Assembly member Paul Honeman asked why such a comprehensive overhaul was needed in such a relatively short period of time. Sullivan says he wants the ordinance passed by the Anchorage Assembly before upcoming labor negotiations in late March or early April. Assembly member Elvi-Gray-Jackson said the mayor should have included labor in the formation of the proposal. She said putting the final word on labor agreements in the hands of the assembly would be poor public process.
“Assemblies change. You know you have, from any given year, a conservative assembly, a more progressive assembly and it’s just not fair to the public to have the assembly make the decision on a union contract, at that level. The arbitration process was put in place for a reason: to lead the Assembly out of that process. And to change it just doesn’t make sense. It’s just not fair to the public.”
There will be a second work session at noon on Wednesday, February 20 in the mayor’s conference room on the eighth floor of City Hall, where labor leaders will make a presentation. Assembly Chair Ernie Hall said he would likely move public testimony on Ordinance 37 to a special meeting on Wednesday, February 27th. Hall also said he was hoping to expand the meeting to include the Wilda Marston Theatre in addition to the assembly chambers.
A dozen states across the country have school voucher programs. Now, some legislators are trying to bring vouchers to Alaska. APRN’s Alexandra Gutierrez reports that push for directing state funding to private schools has more momentum than it’s had in the past.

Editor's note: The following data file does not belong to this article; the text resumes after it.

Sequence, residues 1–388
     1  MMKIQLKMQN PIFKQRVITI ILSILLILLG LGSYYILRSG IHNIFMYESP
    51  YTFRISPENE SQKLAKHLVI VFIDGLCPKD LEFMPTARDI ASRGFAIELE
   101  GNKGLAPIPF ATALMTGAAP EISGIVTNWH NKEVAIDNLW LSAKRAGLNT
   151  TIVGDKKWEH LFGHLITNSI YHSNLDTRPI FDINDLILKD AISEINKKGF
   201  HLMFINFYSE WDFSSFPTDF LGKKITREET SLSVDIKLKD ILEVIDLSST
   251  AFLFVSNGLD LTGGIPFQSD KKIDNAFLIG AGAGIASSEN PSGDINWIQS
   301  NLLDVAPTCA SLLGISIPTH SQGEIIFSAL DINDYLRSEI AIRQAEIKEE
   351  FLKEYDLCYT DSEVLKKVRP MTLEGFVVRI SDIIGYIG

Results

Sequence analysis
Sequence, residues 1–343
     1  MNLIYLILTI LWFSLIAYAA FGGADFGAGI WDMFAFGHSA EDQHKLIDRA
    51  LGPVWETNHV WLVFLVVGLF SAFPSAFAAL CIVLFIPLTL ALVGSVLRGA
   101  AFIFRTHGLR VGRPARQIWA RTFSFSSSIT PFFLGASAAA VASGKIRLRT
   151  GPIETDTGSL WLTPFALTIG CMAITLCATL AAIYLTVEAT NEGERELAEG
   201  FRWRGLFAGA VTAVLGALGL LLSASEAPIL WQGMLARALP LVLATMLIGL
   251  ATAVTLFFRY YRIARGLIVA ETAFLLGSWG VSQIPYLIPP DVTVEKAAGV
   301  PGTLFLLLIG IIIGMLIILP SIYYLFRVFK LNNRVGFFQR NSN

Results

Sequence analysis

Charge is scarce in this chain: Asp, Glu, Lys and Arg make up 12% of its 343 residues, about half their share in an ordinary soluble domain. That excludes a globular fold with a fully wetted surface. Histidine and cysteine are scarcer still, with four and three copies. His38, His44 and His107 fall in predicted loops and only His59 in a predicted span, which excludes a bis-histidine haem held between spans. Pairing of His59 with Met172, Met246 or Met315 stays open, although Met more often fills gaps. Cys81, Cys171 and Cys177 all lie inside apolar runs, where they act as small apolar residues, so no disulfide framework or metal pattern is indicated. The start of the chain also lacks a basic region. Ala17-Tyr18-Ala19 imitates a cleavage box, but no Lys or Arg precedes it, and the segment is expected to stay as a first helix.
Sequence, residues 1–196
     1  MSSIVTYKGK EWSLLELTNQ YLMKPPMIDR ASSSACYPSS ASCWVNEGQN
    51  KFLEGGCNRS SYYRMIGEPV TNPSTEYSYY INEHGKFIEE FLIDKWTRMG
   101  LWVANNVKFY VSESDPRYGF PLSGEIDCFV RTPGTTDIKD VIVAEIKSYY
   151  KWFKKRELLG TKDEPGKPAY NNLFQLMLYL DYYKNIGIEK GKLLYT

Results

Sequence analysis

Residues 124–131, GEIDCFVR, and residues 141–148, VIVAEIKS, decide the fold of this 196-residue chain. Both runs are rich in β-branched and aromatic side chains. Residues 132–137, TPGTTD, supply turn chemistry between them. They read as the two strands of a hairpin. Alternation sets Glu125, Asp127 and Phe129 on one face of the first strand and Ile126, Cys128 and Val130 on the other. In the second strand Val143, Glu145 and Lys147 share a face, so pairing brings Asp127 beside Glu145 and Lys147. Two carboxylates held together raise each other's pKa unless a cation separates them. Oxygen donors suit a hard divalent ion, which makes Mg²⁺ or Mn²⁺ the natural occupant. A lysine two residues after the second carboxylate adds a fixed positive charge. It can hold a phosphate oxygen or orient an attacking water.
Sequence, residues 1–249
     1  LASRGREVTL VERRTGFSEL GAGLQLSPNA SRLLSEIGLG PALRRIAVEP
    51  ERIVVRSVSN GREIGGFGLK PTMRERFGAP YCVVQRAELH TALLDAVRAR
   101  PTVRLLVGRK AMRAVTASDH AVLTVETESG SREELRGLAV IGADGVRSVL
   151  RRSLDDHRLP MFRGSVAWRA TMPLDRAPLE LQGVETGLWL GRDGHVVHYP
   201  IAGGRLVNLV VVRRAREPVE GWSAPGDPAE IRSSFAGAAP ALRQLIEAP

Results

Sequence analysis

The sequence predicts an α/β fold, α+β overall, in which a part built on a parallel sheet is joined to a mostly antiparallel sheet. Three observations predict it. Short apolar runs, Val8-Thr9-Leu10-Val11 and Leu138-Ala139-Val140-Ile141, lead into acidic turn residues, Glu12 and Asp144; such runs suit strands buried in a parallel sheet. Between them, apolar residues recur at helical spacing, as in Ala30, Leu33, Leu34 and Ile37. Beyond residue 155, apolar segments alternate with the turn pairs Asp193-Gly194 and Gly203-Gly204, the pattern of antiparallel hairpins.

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Since his election to the Alaska State Legislature last year, Senator Peter Micciche has found himself neck-deep in oil and gas issues, something he knows about as a long-time employee of Conoco Phillips.
Micciche recently spoke about Governor Sean Parnell’s proposal to overhaul oil taxes and whether his employment in the industry presents a conflict of interest.
Micciche says he does believe that the ACES oil tax restructuring bill passed in 2006 does need to be changed but he does not support Governor Sean Parnell’s bill to make a sweeping overhaul to the tax regime.
“It needs a lot of work before I would support it,” said Micciche. “I don’t believe that it has an adequate share for Alaskans.”
Micciche says he likes the progressivity aspect of ACES that allows for a higher tax rate on oil as prices increase but he thinks the system needs to be adjusted.
He says he will soon be meeting with Democrats, including Anchorage Rep. Les Gara, who have offered a proposal that is more of a modification that a complete overhaul.
“I’m hoping that we can bring both parties together to come up with a solution that makes us more competitive but still protects the interests of Alaskans and delivers a few guarantees that any money that’s reduced in taxes will be invested here and result in more production,” he said.
Since taking his seat in the Alaska Senate, Micciche has repeatedly faced questions about a potential conflict of interest when it comes to oil and gas issues, given his employment with ConocoPhillips as supervisor of the Kenai LNG plant.
Micciche, who also works seasonally as a commercial fisherman, responds by pointing out that all of his fellow legislators have some kind of outside employment.
Micciche says he thinks there is a double standard at play when it comes to legislators who work in the oil and gas industry.
“No one says a word when labor attorneys introduce legislation having to do with labor issues,” he said. “I’m not here representing an oil company. I’m here representing the residents of District O and that’s the most important thing to me.”